The regulatory scrutiny has morphed into a permanent reality in the crypto space. This much had become clear in early 2018. Regulators from all corners of the globe are looking to ﬁt the crypto phenomenon into some regulatory rules or framework. The main question however is to discern what crypto assets are? And whether crypto assets are securities? If they are, then the relevant law must be applied.
In the US, Securities and Exchange Commission (SEC) had announced that all crypto assets are investment contracts or – securities. This later corrected that all, except for Bitcoin and Ethereum (in its present stage) are to be deemed securities. [mfn]https://coincenter.org/ ﬁles/2019-03/clayton-token-response.pdf[/mfn]
The reality is the American legal system largely still relies on the 86 year old Securities Act, with exceptions made available with enacting the JOBS Act in 2012. And within this amendment, there is a place for security tokens to be issued as well. Small issuances of up to USD 1m can be effected as crowdfunding projects. Larger deals can be done as private placements or public offerings limited to accredited (professional or high net worth) investors. Either way, the registration of the issuing security is mandatory. It is likely that the Securities Act may see a major revamp to exclude most cryptocurrencies from the scope of federal securities law. In the meantime, the most recent discussion identiﬁes guidelines on how to assess if the publicly offered or sold digital asset is an investment contract and therefore a security. [mfn]https://www.sec.gov/ﬁles/dlt-framework.pdf[/mfn]
In Europe, on the other hand, the European Securities and Markets Authority (ESMA) has called to extend Europe’s revised Markets in Financial Instruments Directive (MIFID II) to include cryptocurrency products such as initial coin offerings with securities features among transferable securities or other types of ﬁnancial instruments. [mfn]https://www.esma.europa.eu/press-news/esma-news/crypto-assets-need-common-eu-wide-approach-ensure-investor-protection[/mfn] European Prospectus Regulations will apply in full from 21 July 2019 and replace the current directive. Under the Regulation each EU member state will be able to set its own limit between 1 and 8 million EUR when the mandatory prospectus requirement applies.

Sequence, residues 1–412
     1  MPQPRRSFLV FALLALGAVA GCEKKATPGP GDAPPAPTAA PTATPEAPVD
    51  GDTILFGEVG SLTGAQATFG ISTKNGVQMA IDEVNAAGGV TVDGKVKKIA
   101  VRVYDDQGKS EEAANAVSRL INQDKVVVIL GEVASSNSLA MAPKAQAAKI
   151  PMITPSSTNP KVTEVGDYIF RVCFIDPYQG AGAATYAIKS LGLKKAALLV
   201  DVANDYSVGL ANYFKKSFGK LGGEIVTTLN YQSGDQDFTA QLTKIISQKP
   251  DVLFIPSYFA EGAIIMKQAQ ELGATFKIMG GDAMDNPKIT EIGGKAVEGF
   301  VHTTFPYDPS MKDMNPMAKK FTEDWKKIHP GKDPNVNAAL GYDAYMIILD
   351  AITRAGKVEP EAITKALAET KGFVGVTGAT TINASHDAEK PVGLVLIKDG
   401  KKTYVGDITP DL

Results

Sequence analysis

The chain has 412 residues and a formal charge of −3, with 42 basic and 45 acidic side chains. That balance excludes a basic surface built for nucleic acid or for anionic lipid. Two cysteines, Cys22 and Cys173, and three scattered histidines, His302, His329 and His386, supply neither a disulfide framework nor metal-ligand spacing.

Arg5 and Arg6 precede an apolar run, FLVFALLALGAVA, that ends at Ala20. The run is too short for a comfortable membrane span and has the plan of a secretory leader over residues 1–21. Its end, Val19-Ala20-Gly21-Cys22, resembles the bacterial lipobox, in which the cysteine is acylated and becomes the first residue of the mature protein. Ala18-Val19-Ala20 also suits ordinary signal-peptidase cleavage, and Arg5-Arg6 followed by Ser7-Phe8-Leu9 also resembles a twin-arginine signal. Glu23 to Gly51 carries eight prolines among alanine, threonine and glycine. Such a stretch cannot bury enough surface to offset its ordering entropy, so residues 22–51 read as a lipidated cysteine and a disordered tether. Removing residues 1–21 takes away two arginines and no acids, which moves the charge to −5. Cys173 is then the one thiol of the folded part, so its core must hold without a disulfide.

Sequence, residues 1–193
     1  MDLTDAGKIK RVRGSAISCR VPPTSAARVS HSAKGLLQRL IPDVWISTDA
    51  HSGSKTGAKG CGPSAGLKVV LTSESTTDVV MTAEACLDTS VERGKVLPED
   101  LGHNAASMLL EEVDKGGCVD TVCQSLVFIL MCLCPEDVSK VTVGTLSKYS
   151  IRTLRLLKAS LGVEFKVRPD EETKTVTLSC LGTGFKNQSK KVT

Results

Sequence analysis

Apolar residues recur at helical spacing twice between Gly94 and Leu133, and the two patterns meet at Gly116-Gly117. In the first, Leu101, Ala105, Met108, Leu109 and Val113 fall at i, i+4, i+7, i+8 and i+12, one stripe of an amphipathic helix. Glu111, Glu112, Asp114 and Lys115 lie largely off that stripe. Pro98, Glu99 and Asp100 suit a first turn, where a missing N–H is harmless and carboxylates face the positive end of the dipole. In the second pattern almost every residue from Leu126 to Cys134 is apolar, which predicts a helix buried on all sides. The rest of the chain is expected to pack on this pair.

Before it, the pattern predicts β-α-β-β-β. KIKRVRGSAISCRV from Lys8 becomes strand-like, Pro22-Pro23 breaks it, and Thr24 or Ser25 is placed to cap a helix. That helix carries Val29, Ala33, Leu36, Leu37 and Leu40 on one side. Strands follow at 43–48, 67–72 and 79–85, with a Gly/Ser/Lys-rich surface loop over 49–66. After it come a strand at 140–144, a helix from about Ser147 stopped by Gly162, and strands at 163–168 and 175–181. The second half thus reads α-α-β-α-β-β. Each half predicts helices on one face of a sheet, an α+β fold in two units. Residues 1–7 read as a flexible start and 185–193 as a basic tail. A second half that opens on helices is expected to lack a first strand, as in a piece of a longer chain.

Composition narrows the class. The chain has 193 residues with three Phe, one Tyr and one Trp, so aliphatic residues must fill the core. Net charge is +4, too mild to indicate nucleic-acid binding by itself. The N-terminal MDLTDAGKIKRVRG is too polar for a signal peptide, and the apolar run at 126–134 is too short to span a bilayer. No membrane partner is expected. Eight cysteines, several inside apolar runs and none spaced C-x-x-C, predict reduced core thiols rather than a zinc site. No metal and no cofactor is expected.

On the brink of Brexit, the UK’s Financial Conduct Authority (FCA) published an extensive consultation paper on the classiﬁcation and regulation of crypto assets. [mfn]https://www.fca.org.uk/publication/consultation/cp19-03.pdf[/mfn] The paper seeks to provide regulatory clarity for ﬁrms and consumers, when certain activities around “cryptoassets” or tokens themselves fall within the FCA’s regulatory perimeter. The FCA reminds that the breach of authorisation regime is a criminal offence and carries a maximum penalty of 2 years imprisonment or an unlimited ﬁne, or both. Following the consultation period, FCA intends to publish the ﬁnal Policy Statement in relation to cryptoassets by summer 2019.
Other pioneering jurisdictions, such as Switzerland, Malta, Estonia, Lithuania, Liechtenstein have reviewed the types of crypto assets and proposed a classiﬁcation thereof.
All the above mentioned jurisdictions offer more-or-less similar classiﬁcation of tokens. Largely separating tree or four types. It is a matter of not so distant future, when every national regulatory body will be compelled to put out their opinion or guidelines on the subject.
Tokenisation – digital and immutable proof of ownership